Modern research and healthcare scenarios require an improved life sciences technical infrastructure to deal with a multitude of data sources, each generating input data for various kinds of stakeholders, from policy makers to wet-lab scientists. This is where semantic web technological advantages come into play. Being part of a comprehensive semantic knowledge network is engaging everyone involved in life sciences research. Whilst awareness of this new development paradigm is spreading, the scarcity of streamlined and easy to use semantic web application frameworks is delaying the much-needed update.
Moreover, developers must adapt their applications to semantic web environments as soon as possible. COEUS empowers life sciences application developers with a streamlined semantic web deployment tool. Using COEUS results in a smoother transition from monolithic applications with relational or flat-file back ends to an information system sustained by a fully semantic software stack. While its flexibility makes it an indirect competitor to other semantic frameworks in the life sciences ecosystem, it also makes it more suitable to solve a wider range of bioinformatics problems, namely of knowledge integration, interoperability and federation.
Common semantic web migration strategies emphasize the development of translation languages enabling the mapping from relational connections to the semantic web graph. On the one hand, basic languages simply map tables and columns to a new model following the proposed ontology. On the other hand, more innovative systems already permit the extension of existing data connections, enriching their meaning and expressiveness. This approach is further divided in two topics: some mappings are dedicated to forming new semantic web triple sets from existing data, whereas others enable access to relational databases as virtual RDF graphs.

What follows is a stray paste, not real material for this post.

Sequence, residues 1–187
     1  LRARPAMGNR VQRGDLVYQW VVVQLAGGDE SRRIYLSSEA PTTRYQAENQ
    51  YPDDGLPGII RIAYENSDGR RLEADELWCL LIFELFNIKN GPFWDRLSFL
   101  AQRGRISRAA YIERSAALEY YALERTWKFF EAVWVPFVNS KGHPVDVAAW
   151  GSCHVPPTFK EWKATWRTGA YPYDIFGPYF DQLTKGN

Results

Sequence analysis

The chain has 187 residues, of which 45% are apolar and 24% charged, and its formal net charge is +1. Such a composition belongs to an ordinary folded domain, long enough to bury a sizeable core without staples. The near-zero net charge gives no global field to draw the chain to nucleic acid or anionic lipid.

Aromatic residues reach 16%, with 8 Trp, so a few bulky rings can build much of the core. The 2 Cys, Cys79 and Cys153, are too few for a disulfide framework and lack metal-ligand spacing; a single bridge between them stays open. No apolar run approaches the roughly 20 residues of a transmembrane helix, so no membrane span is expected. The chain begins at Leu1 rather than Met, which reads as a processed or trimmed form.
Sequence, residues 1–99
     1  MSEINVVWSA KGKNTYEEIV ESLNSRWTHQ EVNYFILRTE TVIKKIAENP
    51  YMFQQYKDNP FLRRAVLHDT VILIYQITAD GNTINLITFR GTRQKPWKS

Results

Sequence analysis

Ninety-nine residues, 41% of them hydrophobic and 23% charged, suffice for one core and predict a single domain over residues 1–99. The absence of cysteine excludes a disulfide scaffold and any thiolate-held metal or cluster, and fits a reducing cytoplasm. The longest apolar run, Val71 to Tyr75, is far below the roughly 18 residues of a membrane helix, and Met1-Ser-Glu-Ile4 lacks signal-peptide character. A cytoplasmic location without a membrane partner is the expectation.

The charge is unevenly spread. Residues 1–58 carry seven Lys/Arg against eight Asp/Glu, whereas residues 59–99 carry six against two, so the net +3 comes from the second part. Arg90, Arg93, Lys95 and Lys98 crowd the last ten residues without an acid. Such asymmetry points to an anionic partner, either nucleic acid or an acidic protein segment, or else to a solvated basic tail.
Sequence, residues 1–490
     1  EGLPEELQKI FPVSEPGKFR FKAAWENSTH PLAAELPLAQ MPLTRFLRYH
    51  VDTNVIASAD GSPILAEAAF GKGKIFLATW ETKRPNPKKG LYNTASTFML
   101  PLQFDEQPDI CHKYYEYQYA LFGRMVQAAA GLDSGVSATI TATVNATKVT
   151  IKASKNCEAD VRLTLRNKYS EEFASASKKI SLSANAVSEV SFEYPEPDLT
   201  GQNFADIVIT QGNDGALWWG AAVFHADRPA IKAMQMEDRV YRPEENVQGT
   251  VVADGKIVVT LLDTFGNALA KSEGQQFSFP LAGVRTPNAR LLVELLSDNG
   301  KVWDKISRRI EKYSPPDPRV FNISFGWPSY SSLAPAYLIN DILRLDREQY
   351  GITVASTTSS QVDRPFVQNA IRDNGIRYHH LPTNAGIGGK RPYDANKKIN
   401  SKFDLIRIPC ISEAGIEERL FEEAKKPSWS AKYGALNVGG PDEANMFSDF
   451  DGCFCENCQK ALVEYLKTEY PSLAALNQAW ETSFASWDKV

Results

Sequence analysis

The latter languages are complemented with translation applications, using the newly mapped model to provide a semantic data version. Triplify , Virtuoso (http://virtuoso.openlinksw.com/) and D2R server  have managed to employ these new techniques. Instances with DailyMed, Diseasome, DrugBank, and SIDER data were created using D2R, providing useful SPARQL data integration endpoints.
Despite these remarkable advances in mapping technology, there is still a lack of data insertion and triplification features, which are more challenging tasks being backed by large-scale research projects. In a sense, this is the shortest route to publishing existing datasets in modern semantic web formats. However, COEUS is used to produce full semantic systems, whereas these systems only work with mappings from relational databases to a semantic web version. Therefore, the resulting semantic view over relational data is poorer than what can be achieved with COEUS and its comprehensive data integration connectors.